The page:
Sustainable Development Goals
Summary of the impact:
Over the last few decades academic research has often neglected issues of power and influence concerning labour market institutions, employment regulation, models of collaborative partnership between workers, unions and employers, and systems for inclusion and wider stakeholder voice. Through a
body of research involving international collaborators, Tony Dundon has provided evidence on new processes and forms of worker voice and social dialogue that can enhance decent work goals, expose labour market inequalities, and support collaborative employment partnerships.
The research was undertaken with policymakers, consultancies, employers, employer associations, trade unions, HR managers, workers, and shop steward and non-union employee representatives. First, it impacted employee voice mechanisms at workplace levels. Second, it has impacted employee information and consultation policy, including European Directive transposition issues at national and organisational levels. Third, it has impacted labour market reforms for enhanced collective bargaining and work futures. Finally, it has impacted policies on accessing apprenticeship skills and learning in Ireland.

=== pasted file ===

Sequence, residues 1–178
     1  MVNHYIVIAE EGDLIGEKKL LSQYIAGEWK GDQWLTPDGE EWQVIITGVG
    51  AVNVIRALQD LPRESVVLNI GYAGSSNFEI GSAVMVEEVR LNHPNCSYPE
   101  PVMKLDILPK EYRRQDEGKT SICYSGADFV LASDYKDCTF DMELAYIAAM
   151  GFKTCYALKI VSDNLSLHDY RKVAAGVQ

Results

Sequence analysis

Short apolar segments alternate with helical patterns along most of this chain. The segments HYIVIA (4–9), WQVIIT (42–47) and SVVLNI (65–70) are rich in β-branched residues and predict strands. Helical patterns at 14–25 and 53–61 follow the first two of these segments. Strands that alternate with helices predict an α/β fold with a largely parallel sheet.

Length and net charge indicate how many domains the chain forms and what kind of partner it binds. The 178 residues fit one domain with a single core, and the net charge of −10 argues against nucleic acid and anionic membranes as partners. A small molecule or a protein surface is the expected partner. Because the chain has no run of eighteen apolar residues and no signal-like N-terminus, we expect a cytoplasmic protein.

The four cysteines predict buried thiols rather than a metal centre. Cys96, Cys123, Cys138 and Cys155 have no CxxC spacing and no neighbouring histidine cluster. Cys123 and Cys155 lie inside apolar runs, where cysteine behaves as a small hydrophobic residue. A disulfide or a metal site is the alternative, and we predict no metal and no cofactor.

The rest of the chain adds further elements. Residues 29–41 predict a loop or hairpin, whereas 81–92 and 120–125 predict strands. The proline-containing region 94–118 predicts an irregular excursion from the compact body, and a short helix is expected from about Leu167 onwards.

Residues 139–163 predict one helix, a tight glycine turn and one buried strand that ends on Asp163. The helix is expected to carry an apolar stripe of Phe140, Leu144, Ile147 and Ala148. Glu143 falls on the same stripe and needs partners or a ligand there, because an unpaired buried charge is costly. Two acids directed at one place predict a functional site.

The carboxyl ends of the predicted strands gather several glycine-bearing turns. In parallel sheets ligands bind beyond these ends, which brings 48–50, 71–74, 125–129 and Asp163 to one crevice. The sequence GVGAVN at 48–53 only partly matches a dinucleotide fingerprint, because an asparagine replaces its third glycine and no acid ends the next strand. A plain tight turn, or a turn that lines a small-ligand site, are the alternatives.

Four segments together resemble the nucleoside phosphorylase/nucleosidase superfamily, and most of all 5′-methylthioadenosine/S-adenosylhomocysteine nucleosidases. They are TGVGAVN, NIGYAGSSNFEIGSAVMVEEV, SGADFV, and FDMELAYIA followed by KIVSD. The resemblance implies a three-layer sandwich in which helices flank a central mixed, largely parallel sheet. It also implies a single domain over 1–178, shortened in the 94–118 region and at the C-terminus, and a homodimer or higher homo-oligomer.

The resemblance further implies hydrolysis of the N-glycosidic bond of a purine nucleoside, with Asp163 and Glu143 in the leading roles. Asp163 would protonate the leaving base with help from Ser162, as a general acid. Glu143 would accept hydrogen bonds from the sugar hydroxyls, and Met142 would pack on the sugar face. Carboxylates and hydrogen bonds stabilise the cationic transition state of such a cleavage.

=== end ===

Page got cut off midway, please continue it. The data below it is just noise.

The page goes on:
In terms of people and organisations: workers, trainees/apprentices, trade unions, multinational. The research contributes new insights concerning corporate behaviours and how employer groups function as dominant actors with ‘power over’ others in the labour market corporations, labour market agencies. In terms of mechanisms and practices: policy on employee engagement, equality and diversity, voice channels, and collective bargaining.
References to the research
Participatory action research with and within community activist groups: Capturing the collective experience of Ireland's Community and Voluntary Pillar in social partnership10.1177/1476750312451279
Authors: Carney, G., Dundon, T., and NiLeime, A. (2012)